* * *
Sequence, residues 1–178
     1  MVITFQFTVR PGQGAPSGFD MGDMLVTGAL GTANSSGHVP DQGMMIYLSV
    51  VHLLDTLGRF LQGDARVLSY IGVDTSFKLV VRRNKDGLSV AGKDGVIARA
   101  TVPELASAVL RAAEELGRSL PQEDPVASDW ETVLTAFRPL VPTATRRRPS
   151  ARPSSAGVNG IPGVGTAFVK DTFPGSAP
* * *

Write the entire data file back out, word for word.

Sequence, residues 1–178
     1  MVITFQFTVR PGQGAPSGFD MGDMLVTGAL GTANSSGHVP DQGMMIYLSV
    51  VHLLDTLGRF LQGDARVLSY IGVDTSFKLV VRRNKDGLSV AGKDGVIARA
   101  TVPELASAVL RAAEELGRSL PQEDPVASDW ETVLTAFRPL VPTATRRRPS
   151  ARPSSAGVNG IPGVGTAFVK DTFPGSAP